Toll free but not judgment free: evaluating postabortion support services in Ontario

Contraception. 2015 Nov;92(5):469-74. doi: 10.1016/j.contraception.2015.08.003. Epub 2015 Aug 8.


Introduction: Crisis pregnancy centers (CPCs) account for the majority of advertised postabortion support providers in Ontario, Canada's largest and most populous province. Although the deceptive tactics used by CPCs to dissuade women from seeking abortion care are well documented, their provision of postabortion support has not been previously explored. Our study aimed to fill this gap.

Methods: In 2014-2015, we conducted a mystery client study with 17 postabortion support providing organizations in Ontario. We used a predetermined character profile and set of prompts to seek phone-based services. Each interaction began with "I'm looking to talk to someone about my abortion." The interactions developed organically and mimicked the experience of a woman seeking postabortion support. We audio recorded and transcribed all interactions and used both inductive and deductive analytic techniques in our evaluation.

Results: We spoke with three secular and three religiously affiliated talklines, one sexual health center and 10 CPCs offering phone-based support. Although all counselors effectively used active listening techniques such as supportive utterances and attentive silences, the interactions with lay counselors from religious talklines and CPCs contained shaming and stigmatizing language and medically inaccurate information. These interactions appear to be premised on the counselors' belief that abortion is traumatic and always requires a grieving process, regardless of the client's expressed feelings and needs.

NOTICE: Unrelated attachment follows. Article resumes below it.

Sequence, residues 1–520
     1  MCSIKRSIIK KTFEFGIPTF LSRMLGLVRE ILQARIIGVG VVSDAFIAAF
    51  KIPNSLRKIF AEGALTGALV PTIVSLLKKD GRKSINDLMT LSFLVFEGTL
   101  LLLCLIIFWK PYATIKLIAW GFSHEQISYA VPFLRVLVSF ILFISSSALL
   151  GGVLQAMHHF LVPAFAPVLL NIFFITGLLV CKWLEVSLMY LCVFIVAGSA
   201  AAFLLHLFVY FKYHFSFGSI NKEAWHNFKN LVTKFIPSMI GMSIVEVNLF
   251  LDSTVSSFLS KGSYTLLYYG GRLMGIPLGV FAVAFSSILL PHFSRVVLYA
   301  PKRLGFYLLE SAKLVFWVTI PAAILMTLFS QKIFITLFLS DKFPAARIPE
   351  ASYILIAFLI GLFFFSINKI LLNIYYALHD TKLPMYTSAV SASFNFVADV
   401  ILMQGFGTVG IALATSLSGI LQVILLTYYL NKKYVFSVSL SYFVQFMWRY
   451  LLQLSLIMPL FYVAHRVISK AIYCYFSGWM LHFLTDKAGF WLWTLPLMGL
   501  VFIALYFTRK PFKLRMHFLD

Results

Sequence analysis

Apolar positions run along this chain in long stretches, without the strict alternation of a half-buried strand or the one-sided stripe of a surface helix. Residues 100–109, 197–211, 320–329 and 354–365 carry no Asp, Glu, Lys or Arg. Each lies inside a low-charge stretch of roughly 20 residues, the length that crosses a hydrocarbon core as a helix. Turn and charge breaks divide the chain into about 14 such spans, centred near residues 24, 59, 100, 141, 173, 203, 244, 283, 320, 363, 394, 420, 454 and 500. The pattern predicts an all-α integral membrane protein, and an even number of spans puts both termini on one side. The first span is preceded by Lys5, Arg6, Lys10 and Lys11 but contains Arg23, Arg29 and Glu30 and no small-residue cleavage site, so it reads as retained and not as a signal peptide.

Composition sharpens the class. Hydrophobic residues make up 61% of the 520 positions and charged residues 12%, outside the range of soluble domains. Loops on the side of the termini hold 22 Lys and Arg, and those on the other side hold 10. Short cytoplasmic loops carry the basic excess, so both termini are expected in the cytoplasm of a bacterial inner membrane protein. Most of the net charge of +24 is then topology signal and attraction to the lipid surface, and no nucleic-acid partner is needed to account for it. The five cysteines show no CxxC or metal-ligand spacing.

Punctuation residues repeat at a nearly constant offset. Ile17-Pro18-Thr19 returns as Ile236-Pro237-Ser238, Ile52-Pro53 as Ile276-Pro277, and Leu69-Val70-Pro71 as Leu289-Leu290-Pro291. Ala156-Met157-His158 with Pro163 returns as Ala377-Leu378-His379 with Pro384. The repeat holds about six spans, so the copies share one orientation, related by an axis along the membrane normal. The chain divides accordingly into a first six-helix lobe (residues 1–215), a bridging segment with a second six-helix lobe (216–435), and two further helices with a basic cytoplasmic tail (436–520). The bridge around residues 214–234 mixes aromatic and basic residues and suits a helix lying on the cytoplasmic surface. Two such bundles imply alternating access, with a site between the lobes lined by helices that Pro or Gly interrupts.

Conclusions: The expanded provision of postabortion support by CPCs in Ontario represents a new method for these organizations to pathologize abortion. Our findings suggest that their services are judgmental and shaming, thereby contributing to abortion stigma.

Implications: Postabortion support services appear to be a new frontier by which CPCs are able to stigmatize and pathologize abortion. Increasing awareness of and access to existing nonjudgmental, nondirective postabortion services appears warranted.

Keywords: Abortion; Canada; Crisis pregnancy centers; Reproductive health.

Publication types

  • Research Support, Non-U.S. Gov't

MeSH terms

  • Abortion, Induced / psychology*
  • Adult
  • Aftercare / methods
  • Aftercare / psychology*
  • Attitude of Health Personnel*
  • Counseling / methods*
  • Female
  • Hotlines
  • Humans
  • Judgment*
  • Ontario
  • Patient Simulation
  • Pregnancy
  • Religion and Psychology
  • Shame
  • Social Stigma
  • Telemedicine